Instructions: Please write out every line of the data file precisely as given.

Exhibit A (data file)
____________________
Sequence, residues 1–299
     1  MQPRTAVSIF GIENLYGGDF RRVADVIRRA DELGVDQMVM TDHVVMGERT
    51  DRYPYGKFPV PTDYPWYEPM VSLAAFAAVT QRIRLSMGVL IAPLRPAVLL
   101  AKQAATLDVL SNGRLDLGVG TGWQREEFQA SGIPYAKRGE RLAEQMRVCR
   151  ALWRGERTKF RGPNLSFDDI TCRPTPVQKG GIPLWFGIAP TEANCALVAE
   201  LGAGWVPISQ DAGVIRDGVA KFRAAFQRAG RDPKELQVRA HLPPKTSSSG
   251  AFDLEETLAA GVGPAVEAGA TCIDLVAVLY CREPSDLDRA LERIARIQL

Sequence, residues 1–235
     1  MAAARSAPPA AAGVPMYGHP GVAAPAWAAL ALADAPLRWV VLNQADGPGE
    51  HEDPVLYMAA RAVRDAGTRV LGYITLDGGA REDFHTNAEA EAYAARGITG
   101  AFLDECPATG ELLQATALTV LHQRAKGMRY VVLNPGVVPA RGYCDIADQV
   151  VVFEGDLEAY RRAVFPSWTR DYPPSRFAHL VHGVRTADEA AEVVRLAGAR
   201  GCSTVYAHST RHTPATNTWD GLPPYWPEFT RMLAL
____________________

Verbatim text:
Sequence, residues 1–299
     1  MQPRTAVSIF GIENLYGGDF RRVADVIRRA DELGVDQMVM TDHVVMGERT
    51  DRYPYGKFPV PTDYPWYEPM VSLAAFAAVT QRIRLSMGVL IAPLRPAVLL
   101  AKQAATLDVL SNGRLDLGVG TGWQREEFQA SGIPYAKRGE RLAEQMRVCR
   151  ALWRGERTKF RGPNLSFDDI TCRPTPVQKG GIPLWFGIAP TEANCALVAE
   201  LGAGWVPISQ DAGVIRDGVA KFRAAFQRAG RDPKELQVRA HLPPKTSSSG
   251  AFDLEETLAA GVGPAVEAGA TCIDLVAVLY CREPSDLDRA LERIARIQL

Sequence, residues 1–235
     1  MAAARSAPPA AAGVPMYGHP GVAAPAWAAL ALADAPLRWV VLNQADGPGE
    51  HEDPVLYMAA RAVRDAGTRV LGYITLDGGA REDFHTNAEA EAYAARGITG
   101  AFLDECPATG ELLQATALTV LHQRAKGMRY VVLNPGVVPA RGYCDIADQV
   151  VVFEGDLEAY RRAVFPSWTR DYPPSRFAHL VHGVRTADEA AEVVRLAGAR
   201  GCSTVYAHST RHTPATNTWD GLPPYWPEFT RMLAL